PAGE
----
Shopping & watching & creating & listening – that’s what we do in the digital spaces.
Digital marketing is at the core of all that activity.
No matter how one wants to slice it, when online consumers (us – most people online all over the world) are active participants in the digital spaces.
Nearly 80 percent of us watch videos while 72 percent of us listening to music, suggests the GWI research on adults around the globe who go online regularly.
And nearly 80 percent of us contribute to online content, posting a video or photos.
“Testament to the ubiquity of online commerce, it’s virtually all of the global online population who fall within the Shopper segmentation (those who say finding products is a very important reason for going online or have engaged in some commerce-related activity online in the last month),” explains GWI.
Nearly all that 97 percent identified by GWI as shoppers visit an online store every month, with resident of the Asian-Pacific region being the most active.
“92% of online adults visit an online retail store each month,” reports GWI. “Amazon is king here, outside China, 55% of internet users visit its site each month, rising to over 8 in 10 in India, Italy and the US. eBay is some way behind, but the online auction site can claim that it trumps Amazon in Australia and Russia.
“China, India, Indonesia and South Korea topping the (enthusiastic online shopping) list. As online populations continue to grow in the likes of India and Indonesia, these markets will emerge as crucial online commerce arenas.”
On an interesting note, too, privacy concerns weigh heavily in these online shoppers’ minds.
“48% used a private browsing window last month, 42% are deleting cookies,” explains GWI. “4 in 10 used an adblocker last month, with significant numbers using mobile ad-blockers. While privacy does have an impact on why people are blocking ads, it is ad-frustration which is primarily driving this behaviour.”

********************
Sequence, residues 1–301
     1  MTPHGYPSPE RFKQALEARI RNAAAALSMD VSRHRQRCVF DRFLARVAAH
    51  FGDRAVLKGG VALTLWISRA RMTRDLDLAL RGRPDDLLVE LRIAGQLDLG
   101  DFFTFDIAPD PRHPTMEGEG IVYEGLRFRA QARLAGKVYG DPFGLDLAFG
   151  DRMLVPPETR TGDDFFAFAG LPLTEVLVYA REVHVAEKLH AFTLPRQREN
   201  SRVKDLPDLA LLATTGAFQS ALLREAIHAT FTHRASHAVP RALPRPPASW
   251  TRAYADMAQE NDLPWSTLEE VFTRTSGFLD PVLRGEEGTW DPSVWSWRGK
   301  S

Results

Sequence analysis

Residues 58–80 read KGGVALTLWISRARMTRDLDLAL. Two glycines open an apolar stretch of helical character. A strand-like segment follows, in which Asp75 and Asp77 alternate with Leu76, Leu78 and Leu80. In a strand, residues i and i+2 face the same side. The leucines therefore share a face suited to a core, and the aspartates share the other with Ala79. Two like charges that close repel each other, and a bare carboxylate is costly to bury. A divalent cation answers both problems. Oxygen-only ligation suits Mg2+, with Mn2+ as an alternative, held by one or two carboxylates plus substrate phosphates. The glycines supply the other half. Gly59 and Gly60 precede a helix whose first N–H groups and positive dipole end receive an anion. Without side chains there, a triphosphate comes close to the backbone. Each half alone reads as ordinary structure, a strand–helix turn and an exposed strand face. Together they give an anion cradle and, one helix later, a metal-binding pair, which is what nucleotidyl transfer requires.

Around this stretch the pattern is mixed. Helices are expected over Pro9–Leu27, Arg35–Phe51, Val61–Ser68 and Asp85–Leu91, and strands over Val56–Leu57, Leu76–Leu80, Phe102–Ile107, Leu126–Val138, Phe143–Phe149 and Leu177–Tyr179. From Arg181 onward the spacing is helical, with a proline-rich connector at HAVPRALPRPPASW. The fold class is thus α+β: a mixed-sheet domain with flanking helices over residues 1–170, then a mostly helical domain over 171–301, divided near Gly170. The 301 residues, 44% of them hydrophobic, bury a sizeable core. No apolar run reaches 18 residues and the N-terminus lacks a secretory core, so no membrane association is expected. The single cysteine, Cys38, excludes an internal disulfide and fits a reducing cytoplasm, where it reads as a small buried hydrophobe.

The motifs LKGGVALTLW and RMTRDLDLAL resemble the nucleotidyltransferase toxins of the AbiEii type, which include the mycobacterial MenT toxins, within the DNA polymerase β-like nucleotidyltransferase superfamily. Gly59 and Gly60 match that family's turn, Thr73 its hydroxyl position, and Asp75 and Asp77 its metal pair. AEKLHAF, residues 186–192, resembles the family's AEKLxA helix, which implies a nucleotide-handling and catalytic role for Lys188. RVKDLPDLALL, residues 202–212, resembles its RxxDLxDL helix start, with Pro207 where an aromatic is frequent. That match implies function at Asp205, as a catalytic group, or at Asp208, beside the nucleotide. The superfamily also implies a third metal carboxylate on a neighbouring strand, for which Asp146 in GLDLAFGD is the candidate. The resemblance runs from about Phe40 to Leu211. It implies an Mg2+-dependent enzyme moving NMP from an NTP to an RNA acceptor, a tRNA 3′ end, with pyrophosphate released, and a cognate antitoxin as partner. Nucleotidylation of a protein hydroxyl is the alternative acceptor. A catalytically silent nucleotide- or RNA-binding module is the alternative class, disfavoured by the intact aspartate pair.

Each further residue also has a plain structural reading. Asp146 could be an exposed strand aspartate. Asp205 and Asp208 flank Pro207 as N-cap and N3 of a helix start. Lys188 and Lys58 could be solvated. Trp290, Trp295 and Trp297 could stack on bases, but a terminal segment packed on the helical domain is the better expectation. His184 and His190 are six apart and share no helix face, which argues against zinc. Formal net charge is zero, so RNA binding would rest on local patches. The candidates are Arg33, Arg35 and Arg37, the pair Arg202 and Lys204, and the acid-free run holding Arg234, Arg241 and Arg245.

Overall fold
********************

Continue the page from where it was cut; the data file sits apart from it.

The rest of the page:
The social networks have become an essential starting point for online shoppers, suggests the research with half of all Snapchatters and Instagram users saying they use the social networks to research products and approximately one-third saying they follow in the networks brands from which they are likely to buy products.
“The potential for social commerce is huge, with around 80% of social networkers purchasing products online each month,” says GWI. “However, only 1 in 10 digital consumers say a ‘buy’ button would influence them to make a purchase online. Much needs to be done to educate networkers about the opportunity of social commerce.”
The research also suggests half of the world’s online denizens are buying new digital content each month.
“Music and film/TV downloads top our list, and while younger groups are more likely to be paying for streaming services; free trials, ad-supported models and account sharing mean that more are using these services than paying for them,” reports GWI.
Search: how we find products, content
“Search engines remain the most important channel for online consumers conducting product research,” points out the GWI research. “While social networks have become a key resource for product information for younger users, older users tend to turn to price comparison sites.
“For most digital consumers, reviewing products they have purchased online has become the norm, but there are more people writing/posting reviews than there are using them to inform their purchasing decisions. Mobiles are among the most popular topics discussed online. Meanwhile younger users primarily discuss fashion items and older users are mostly reviewing vacations and restaurants.”
Recent Google research points in the same direction. Google tells us 65 percent of all smartphone users look for the most relevant information regardless of what company provides it, meaning brand loyalty is less important than good, relevant information. Just over half say they have discovered new products or companies while searching online for relevant information.
Further, Google research suggests 65 percent of all smartphone users are more likely to buy from the a company’s mobile site or app if it can give them the answers they seek quickly and easily.
And the search is local.
“Nearly one third of all mobile searches are related to location,” says Google. “People’s online and offline worlds are colliding — whether you’re researching restaurant ideas for dinner on Friday night or looking for a store that sells rain boots in your size.
Google knows what’s up online and it’s not about to let escape a potential cash cow when 76 percent of mobile users who search for a destination nearby visit that store within a day.